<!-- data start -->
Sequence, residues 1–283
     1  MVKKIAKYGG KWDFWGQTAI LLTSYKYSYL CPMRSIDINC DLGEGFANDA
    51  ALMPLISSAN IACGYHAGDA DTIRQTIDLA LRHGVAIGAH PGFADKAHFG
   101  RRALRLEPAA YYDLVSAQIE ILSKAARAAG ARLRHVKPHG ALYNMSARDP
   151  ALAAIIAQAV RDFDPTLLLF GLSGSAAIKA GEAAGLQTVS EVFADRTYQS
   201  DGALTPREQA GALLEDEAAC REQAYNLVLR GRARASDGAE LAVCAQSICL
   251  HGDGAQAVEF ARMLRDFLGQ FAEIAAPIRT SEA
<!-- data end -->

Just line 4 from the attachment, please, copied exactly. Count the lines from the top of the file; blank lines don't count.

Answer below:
   101  RRALRLEPAA YYDLVSAQIE ILSKAARAAG ARLRHVKPHG ALYNMSARDP